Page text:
Thursday, September 29, 2011
Plant Sale & Fall Planting Tips
By Kate Blakely
For all kinds of gardens, from vegetable to trees and shrubs, fall is best for planting. And the key in successful planting is in the roots. As plants go dormant in colder weather, they focus on their roots systems. Even planting in winter can work well, so long as the ground isn’t frozen and the plants receive proper care. Then, come spring, fall plantings will be already in the ground, ready to go.
We’ll have a wide range of plants available at our Fall Plant Sale Saturday from 9 a.m. to noon at Duke Gardens. Our horticulturists will also be on hand with expert advice. To start you on your way, horticulturist Michelle Rawlins offers a few fall planting tips below.
Soil Preparation: “Soil prep is your first task that you want to focus on when you’re starting a new bed,” says Rawlins. First, dig a hole a bit larger than the pot the plant came in. Make sure to break up any clay or compacted soil to allow proper drainage for your new plant. Add two to three shovel scoops of composted material to the soil you have removed from the hole. Blend all of this soil well. Remember, the key is in the roots, and having good soil is important.
“Compost does improve the quality of your soil and will produce a healthier specimen in your garden,” says Rawlins.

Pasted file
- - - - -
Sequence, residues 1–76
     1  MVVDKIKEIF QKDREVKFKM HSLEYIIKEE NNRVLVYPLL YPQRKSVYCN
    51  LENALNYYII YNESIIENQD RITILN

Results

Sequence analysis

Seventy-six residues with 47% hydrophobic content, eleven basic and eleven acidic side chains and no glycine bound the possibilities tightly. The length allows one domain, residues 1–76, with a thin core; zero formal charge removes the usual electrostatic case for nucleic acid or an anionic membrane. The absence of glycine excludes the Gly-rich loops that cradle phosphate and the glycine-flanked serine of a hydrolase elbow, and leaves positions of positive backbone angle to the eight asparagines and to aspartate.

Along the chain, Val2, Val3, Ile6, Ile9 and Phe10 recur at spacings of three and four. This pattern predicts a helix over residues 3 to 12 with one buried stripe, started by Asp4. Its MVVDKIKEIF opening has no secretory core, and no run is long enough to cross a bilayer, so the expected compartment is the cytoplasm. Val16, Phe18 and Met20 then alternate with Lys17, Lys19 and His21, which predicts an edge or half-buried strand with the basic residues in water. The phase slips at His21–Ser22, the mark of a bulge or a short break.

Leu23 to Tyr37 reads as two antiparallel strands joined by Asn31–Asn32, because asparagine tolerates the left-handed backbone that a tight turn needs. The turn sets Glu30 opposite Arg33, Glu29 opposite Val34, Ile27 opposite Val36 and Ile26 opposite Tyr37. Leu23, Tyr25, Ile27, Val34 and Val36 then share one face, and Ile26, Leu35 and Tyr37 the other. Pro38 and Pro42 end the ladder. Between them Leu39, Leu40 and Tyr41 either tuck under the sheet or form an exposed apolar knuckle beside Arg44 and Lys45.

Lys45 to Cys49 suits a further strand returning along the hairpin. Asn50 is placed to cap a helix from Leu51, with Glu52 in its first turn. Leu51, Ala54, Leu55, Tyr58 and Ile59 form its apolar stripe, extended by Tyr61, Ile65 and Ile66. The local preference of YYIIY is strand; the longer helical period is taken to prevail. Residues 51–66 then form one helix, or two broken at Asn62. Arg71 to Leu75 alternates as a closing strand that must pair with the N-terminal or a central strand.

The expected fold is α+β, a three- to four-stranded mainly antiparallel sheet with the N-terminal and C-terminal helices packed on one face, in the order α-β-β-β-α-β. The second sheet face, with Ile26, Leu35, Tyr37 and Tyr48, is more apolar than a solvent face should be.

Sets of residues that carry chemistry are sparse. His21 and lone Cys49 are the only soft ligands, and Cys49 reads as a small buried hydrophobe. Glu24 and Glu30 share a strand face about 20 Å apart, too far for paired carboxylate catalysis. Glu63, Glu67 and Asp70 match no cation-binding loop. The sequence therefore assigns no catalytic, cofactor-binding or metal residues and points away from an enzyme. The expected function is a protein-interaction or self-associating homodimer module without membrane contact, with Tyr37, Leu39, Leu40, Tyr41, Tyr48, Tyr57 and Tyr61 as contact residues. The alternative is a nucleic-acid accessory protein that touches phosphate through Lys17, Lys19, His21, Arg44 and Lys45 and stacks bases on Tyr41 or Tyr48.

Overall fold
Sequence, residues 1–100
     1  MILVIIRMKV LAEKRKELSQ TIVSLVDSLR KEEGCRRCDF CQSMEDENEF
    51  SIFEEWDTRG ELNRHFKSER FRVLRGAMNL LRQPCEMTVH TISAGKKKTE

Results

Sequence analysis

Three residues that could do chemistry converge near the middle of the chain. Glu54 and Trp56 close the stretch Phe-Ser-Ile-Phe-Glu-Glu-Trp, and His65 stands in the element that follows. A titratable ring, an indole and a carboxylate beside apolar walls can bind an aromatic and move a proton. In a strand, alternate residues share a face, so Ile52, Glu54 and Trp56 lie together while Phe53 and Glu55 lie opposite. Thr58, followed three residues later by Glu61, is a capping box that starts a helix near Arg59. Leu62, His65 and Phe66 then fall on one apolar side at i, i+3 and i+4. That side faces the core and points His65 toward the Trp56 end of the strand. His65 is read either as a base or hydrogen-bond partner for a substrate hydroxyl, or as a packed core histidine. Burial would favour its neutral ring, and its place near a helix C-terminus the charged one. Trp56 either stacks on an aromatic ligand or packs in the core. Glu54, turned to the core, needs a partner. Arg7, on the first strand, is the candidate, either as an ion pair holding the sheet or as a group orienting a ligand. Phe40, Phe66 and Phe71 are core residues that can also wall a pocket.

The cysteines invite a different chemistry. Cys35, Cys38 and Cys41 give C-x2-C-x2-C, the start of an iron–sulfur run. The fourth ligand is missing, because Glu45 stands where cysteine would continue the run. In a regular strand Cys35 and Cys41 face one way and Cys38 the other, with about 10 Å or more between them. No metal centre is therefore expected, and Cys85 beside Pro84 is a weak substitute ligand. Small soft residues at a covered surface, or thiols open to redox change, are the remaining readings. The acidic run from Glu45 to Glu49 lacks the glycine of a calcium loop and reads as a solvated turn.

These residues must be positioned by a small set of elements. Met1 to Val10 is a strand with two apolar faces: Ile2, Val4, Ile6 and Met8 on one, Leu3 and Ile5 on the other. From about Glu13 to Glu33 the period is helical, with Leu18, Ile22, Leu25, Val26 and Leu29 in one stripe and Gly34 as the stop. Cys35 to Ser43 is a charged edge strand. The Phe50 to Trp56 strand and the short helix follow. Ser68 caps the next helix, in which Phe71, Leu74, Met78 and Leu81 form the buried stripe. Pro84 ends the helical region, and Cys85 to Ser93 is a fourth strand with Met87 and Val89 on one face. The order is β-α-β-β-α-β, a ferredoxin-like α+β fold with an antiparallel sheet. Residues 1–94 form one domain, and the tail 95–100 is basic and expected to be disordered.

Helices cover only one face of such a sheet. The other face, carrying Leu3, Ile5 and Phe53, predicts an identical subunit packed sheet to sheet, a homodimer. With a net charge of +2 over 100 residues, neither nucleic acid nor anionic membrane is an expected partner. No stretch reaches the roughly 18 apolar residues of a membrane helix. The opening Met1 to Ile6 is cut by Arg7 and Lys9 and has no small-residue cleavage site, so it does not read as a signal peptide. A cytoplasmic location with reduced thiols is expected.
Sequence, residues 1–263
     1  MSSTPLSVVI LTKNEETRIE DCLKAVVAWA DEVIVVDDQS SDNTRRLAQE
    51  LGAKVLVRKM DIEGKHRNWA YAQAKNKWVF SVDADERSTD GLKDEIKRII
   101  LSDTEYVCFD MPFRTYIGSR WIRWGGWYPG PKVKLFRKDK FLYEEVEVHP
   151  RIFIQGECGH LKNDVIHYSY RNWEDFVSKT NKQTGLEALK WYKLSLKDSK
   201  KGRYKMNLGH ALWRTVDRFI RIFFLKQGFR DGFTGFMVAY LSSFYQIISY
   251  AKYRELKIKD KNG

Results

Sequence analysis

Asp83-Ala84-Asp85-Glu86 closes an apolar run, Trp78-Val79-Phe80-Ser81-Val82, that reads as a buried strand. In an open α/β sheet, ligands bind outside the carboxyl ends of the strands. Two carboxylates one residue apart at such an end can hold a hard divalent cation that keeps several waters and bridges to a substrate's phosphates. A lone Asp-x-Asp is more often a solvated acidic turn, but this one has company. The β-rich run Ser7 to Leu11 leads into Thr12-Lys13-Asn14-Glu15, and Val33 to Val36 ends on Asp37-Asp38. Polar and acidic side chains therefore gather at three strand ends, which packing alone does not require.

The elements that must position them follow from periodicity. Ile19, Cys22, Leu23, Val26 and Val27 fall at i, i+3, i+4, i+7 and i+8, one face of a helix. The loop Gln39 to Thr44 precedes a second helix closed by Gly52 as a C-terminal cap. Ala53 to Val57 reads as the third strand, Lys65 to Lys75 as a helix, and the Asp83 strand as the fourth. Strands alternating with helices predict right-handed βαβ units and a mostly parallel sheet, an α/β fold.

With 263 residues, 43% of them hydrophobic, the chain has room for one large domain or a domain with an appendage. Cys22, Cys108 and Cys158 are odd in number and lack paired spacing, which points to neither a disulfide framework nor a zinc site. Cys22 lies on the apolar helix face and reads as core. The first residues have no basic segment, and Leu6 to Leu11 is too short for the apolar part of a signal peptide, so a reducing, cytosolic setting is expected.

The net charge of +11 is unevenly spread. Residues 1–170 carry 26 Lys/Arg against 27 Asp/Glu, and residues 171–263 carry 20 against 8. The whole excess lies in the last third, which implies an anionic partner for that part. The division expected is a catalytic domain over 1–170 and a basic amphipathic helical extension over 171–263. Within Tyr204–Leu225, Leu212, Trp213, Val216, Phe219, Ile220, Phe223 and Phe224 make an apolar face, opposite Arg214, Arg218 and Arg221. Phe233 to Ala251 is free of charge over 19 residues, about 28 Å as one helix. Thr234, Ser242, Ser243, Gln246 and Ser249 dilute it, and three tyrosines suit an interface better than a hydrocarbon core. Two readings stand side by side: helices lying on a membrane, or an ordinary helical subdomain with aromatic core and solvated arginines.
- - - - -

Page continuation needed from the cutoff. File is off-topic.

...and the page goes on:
Planting: If the plant has been sitting in the pot for a while, it’s probably “root-bound.” Plants are usually initially grown in a soilless material along with PermaTill or vermiculite. These types of media make it really easy for the roots to grow. Inside a pot, fast-growing roots circle each other, forming a “root-ball.”
“If you don’t break the roots up, they’ll just continue to circle as if they’re still in the pot instead of in the ground,” Rawlins said. You need to break apart the root-ball gently before you plant.
“The hole should be no deeper than the root-ball,” Rawlins says. “If anything, you want to plant it about an inch or so higher than ground level, because the newly worked soil will settle, and if the plant’s too low, it has little success of thriving or even surviving.”
Cover any exposed root-ball with mulch. Rawlins recommends triple-shredded hardwood.
Watering and Fertilizing: Water the plant in well. Keep an eye on the plants for signs of thirst, like flagging or drooping. “They’ll let you know,” Rawlins says.
Be careful not to over-fertilize. “You don’t want to promote too much root growth in the fall,” Rawlins says. “You don’t want to push your plants too hard because of the threat of freezing.”
“Fall is a nice time to plant because you don’t have to water them every day,” Rawlins concluded. “The cool nights will be optimum for keeping your plant from too much stress or transplant shock.”
We’re happy to offer more advice at our Fall Plant Sale Saturday. And if you want first dibs, consider joining Friends of Duke Gardens to attend the 8 a.m. pre-sale (Friends info: 668-1711); you can join on site. Parking is free. The sale will feature bulbs best planted in (you guessed it!) the fall, as well as flowers, trees, vines and shrubs found throughout Duke Gardens all year. Read a more detailed preview in our previous post.
Sarah P. Duke Gardens creates and nurtures an environment in the heart of Duke University for learning, inspiration and enjoyment through excellence in horticulture. The Gardens is at 420 Anderson St. Visit online at gardens.duke.edu, or call 684-3698. For more information on Duke Gardens events, please see our education & events page, or read our quick blog roundup.
Kate Blakely is a graduate student at Duke Divinity School and a work-study assistant at Duke Gardens.